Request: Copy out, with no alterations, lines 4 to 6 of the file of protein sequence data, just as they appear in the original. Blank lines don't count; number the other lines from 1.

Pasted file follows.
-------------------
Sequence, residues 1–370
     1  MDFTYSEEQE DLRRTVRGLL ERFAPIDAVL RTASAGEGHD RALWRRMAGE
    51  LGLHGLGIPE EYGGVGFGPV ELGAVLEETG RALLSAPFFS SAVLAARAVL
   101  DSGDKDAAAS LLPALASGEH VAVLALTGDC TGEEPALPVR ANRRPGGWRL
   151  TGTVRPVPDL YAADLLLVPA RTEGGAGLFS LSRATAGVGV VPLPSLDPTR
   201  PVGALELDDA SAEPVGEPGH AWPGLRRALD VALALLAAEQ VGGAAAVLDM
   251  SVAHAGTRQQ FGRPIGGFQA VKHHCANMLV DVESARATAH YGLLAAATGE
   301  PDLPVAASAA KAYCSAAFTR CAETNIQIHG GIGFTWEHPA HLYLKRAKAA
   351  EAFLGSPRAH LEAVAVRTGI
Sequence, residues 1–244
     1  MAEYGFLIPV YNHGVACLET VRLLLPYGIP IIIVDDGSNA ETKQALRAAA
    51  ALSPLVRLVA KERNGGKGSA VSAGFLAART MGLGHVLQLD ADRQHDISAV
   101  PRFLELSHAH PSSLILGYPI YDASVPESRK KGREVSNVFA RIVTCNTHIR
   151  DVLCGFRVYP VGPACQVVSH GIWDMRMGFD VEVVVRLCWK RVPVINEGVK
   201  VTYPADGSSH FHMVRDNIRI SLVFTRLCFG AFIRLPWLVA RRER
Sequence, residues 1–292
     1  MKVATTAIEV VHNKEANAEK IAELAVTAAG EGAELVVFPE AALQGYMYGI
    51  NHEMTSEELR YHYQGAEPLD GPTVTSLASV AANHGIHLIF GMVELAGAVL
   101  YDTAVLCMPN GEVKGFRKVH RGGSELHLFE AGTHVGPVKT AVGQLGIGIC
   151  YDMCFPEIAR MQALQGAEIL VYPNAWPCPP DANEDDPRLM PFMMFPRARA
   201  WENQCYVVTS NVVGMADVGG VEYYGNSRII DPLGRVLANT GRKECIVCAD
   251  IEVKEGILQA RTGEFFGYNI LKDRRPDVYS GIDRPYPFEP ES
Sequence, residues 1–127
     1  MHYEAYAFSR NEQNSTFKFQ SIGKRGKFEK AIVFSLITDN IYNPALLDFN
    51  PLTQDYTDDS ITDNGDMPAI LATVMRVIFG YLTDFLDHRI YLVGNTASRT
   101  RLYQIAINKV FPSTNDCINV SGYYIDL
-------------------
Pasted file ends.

   101  DSGDKDAAAS LLPALASGEH VAVLALTGDC TGEEPALPVR ANRRPGGWRL
   151  TGTVRPVPDL YAADLLLVPA RTEGGAGLFS LSRATAGVGV VPLPSLDPTR
   201  PVGALELDDA SAEPVGEPGH AWPGLRRALD VALALLAAEQ VGGAAAVLDM